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UBC Theses and Dissertations

Erosion in the middle Himalaya, Nepal with a case study of the Phewa Valley Ramsay, William James Hope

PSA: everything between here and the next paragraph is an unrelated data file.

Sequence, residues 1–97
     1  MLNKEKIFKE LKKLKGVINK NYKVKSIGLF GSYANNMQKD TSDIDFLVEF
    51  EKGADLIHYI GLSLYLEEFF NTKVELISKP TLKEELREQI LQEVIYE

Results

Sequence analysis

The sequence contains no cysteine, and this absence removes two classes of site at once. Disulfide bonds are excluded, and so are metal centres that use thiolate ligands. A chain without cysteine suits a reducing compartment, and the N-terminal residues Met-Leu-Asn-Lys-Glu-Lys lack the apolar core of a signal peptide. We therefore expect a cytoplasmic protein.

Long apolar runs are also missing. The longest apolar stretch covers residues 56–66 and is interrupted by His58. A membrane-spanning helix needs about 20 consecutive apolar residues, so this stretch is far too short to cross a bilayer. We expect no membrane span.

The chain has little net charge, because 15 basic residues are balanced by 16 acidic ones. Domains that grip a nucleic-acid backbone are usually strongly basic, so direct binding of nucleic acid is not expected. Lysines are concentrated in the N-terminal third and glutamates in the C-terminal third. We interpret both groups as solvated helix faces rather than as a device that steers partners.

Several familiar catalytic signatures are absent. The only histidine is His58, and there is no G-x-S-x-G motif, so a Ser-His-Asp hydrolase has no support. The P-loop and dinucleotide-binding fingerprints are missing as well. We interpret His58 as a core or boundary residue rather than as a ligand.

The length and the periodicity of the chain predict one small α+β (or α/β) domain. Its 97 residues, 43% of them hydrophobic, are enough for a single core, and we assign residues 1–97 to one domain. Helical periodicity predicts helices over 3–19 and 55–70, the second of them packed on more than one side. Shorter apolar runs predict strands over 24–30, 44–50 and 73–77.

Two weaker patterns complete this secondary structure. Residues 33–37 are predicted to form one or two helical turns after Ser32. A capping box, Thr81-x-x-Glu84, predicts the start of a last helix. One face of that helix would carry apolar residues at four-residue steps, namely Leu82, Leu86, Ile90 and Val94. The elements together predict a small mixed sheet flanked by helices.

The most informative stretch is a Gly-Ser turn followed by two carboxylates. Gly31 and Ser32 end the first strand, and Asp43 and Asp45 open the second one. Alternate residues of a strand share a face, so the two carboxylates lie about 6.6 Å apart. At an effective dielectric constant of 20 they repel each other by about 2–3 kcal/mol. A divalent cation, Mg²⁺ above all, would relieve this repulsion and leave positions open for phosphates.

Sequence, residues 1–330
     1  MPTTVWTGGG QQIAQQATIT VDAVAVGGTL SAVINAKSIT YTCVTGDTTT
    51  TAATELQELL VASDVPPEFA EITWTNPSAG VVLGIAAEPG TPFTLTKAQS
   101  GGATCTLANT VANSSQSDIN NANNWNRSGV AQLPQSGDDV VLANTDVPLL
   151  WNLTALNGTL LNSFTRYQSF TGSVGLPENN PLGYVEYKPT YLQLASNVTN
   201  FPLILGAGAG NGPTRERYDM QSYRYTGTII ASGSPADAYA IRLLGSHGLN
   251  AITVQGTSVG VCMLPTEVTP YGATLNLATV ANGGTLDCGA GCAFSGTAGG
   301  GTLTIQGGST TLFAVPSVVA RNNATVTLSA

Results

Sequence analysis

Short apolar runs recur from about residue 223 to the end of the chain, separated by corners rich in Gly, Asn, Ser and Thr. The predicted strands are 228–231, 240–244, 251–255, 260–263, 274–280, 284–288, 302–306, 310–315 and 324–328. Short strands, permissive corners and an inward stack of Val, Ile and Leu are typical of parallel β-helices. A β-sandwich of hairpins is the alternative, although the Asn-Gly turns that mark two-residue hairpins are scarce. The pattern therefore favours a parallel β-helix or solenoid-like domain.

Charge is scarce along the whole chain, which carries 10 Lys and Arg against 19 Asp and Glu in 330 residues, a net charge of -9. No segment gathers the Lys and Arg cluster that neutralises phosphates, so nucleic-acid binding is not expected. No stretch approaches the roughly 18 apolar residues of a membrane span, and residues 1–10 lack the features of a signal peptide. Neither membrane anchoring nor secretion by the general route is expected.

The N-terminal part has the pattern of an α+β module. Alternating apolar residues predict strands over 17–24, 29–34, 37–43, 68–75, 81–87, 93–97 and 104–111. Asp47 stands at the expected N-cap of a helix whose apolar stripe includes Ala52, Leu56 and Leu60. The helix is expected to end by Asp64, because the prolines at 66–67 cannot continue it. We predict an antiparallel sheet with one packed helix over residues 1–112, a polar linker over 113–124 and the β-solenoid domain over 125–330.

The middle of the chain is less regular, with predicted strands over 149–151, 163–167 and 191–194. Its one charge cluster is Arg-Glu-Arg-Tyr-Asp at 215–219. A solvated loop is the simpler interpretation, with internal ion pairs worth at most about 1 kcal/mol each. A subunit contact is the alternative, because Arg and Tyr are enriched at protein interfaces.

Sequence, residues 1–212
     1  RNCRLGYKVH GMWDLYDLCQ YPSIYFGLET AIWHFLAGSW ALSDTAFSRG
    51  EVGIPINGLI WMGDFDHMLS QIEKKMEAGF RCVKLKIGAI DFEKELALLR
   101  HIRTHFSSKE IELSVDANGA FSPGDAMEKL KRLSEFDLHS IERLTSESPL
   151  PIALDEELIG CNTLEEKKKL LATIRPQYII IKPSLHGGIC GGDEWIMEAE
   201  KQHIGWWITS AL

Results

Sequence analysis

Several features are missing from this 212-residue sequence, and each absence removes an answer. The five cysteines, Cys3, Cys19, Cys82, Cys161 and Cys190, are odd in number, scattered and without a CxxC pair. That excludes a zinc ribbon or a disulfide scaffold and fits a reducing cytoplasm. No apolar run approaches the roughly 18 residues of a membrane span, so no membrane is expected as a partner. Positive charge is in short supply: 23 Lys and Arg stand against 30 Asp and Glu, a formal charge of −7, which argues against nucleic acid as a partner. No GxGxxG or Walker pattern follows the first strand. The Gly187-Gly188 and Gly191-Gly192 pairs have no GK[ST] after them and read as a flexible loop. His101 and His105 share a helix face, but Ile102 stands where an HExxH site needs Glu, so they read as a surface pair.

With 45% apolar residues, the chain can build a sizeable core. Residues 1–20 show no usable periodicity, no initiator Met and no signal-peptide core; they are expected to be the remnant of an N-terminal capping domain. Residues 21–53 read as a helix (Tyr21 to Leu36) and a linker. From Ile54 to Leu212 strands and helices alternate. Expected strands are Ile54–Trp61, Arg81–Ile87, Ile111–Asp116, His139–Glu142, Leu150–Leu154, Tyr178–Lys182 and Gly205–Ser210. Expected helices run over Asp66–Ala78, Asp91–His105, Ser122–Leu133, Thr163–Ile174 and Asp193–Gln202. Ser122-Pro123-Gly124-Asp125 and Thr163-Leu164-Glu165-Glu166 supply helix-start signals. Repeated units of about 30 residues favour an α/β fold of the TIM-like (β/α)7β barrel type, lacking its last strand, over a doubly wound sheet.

Data on erosion processes and other aspects of environmental change in the Himalaya are scarce and unreliable, and consequently policy decisions have been taken in a quantitative vacuum. Published estimates of denudation for large catchments in Nepal vary from 0.51 to 5.14 mm/yr, and indicate a dynamic geomorphological environment A review of the literature on erosion in Nepal revealed a consensus that: (1) mass wasting is the dominant hillslope process; (2) activity is seasonal, with virtually all failures occurring during the monsoon; (3) geological factors are the most important determinants of slope stability; (4) sediment delivery to channels is high; (5) little quantitative evidence exists to link landsliding to deforestation. Although few data exist, loss of forest cover does appear to be related to surface erosion and gullying, and a hypothesis linking the expansion of unmanaged, eroding areas to reduced nutrient subsidies from the forest is proposed. A reconnaissance survey of sediment production and transfer mechanisms in the 122 km² Phewa Valley in the Middle Mountains of Nepal identified a variety of mass movement processes. The commonest events were shallow translational failures on slopes of, typically, 36° to 45°, with volumes ≤1 x 10³ m³ and with recovery taking less than ten years. Larger slides occurred on slopes oversteepened by fluvial action. Flows developed in areas of weak rock and unfavourable structure, and were associated with groundwater discharge. Flow velocities accelerated during the monsoon. The highly fractured and deeply weathered zones around faults were the sites of "mass movement catchments", complex failures responsible for approximately 90% of all sediment production by mass wasting in the watershed. A first estimate of surface lowering by mass movement processes in the Phewa Valley is 2-3 mm/yr. Locally, surface erosion on overgrazed pasture may be 5-6 mm/yr. No data were available on soil losses from cultivated areas, and, similarly, losses due to shallow creep, gullying and solution remain unknown. The fluvial transport system in the valley bottom is unable to transport all the material with which it is supplied. Sediment yield to the lake was not calculated owing to insufficient data. Discharge estimates and intensity-duration-frequency analysis of rainfall records indicate that in Pokhara storms of 275 mm/day have a return period of approximately 10 years. The primary controls on mass movement processes in the Middle Himalaya of Nepal are geological and climatic, and therefore are not amenable to modification by man. However, surface erosion is a consequence of poor land management, and therefore can be controlled, given the right institutional environment

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